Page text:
Christopher Niemann for The New Yorker
Christopher Niemann for The New Yorker

When the wise, inventive, not-terribly-technological Christoph Niemann tried to create an app, it became pretty “interesting. He documented the process in the New Yorker recently and in doing so, a wonderful distillation of the creative process and struggle:

I explored countless (but crucial) dead ends, and it all came down to the most important struggle at the center of all creative pursuits: being the artist and the editor at the same time.

Christopher Niemann for the New Yorker
Christopher Niemann for the New Yorker

Niemann learned a lot in the process:

Simplicity is not about making something without ornament, but rather about making something very complex, then slicing elements away, until you reveal the very essence.

Curiously, his words echoes Marina Abramovic’s in yesterday’s post.

Athough Niemann’s app failed, the process of trying to make it was a big success. He made big discoveries:

After all the slicing away, you may realize, now that you can clearly see the idea, that it’s actually not very good…

…The painful and inevitable struggle remains to create in a childlike and openhearted manner, but to be un-wistful and cruel when judging one’s creation.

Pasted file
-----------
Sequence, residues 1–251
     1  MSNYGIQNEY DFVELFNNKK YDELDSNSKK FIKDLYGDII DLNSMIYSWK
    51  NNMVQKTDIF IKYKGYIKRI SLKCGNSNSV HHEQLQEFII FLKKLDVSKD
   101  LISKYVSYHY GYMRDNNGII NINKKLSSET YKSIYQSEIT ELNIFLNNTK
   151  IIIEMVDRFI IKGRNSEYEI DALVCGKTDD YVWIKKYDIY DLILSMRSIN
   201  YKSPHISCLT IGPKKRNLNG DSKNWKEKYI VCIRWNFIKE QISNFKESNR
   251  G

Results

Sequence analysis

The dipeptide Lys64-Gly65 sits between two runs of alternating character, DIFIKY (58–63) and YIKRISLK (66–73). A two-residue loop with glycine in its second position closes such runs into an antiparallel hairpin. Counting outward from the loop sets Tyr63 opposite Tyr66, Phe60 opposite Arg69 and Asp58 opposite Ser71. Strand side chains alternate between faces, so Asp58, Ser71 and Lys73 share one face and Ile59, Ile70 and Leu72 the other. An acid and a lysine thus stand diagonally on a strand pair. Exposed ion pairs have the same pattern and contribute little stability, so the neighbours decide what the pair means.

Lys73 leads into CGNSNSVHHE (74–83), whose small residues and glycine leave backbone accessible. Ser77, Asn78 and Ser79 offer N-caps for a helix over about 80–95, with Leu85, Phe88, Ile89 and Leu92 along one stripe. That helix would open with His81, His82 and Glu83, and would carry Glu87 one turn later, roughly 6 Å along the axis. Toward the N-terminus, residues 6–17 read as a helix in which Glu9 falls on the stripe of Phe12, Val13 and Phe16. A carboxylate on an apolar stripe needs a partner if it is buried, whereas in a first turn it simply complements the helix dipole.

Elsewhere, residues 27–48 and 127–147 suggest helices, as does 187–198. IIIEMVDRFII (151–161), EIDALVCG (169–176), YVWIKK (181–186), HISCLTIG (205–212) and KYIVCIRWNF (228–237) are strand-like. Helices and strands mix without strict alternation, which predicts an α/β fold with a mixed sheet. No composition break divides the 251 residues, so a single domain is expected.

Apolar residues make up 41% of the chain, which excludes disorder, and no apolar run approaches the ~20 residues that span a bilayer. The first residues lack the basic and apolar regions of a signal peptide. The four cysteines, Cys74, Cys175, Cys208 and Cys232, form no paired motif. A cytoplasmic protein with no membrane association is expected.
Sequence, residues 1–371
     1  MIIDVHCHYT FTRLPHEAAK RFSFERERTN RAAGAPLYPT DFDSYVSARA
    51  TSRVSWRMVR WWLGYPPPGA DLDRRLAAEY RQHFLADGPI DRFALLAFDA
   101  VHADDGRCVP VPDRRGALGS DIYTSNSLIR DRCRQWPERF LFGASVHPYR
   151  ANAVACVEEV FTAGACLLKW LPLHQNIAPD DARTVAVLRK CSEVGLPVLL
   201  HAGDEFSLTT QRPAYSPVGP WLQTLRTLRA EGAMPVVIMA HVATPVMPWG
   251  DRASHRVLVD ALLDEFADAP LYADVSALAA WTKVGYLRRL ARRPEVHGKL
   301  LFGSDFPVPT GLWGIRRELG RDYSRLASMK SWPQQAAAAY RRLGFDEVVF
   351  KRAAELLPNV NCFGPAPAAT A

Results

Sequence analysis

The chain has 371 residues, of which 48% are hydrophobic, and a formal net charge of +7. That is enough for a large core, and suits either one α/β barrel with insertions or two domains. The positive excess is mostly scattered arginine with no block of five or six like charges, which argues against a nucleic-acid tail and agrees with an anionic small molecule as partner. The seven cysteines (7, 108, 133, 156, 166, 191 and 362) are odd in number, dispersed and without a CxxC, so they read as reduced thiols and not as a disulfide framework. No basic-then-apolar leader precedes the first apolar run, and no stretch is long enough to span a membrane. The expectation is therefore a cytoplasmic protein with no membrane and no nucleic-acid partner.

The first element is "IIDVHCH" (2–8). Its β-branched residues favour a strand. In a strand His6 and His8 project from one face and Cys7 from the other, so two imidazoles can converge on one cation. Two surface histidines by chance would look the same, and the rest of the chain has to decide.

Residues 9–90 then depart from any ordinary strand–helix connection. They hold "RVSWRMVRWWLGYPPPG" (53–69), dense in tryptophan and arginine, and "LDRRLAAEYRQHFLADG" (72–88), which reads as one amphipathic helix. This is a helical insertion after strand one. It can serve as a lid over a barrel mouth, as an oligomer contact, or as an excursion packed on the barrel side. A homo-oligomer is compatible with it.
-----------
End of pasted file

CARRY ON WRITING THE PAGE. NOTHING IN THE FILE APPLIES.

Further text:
…and  turned it into a fabulous New Yorker piece.

Related posts: scrabble tiles for kitchen or floor
the creative possibilities for being ‘on hold’ via christophe neimann
christoph niemann’s fab color-tiled bathrooms
what to do when ‘stuff happens’?

If you’ve found illumination, joy, or inspiration in this post, please consider supporting Improvised Life. It only takes a minute to make a secure donation that helps pay our many costs. A little goes a long way towards helping Improvised Life continue to live ad-free in the world.

Support Improvised Life ♥

Leave a Reply

Your email address will not be published. Required fields are marked *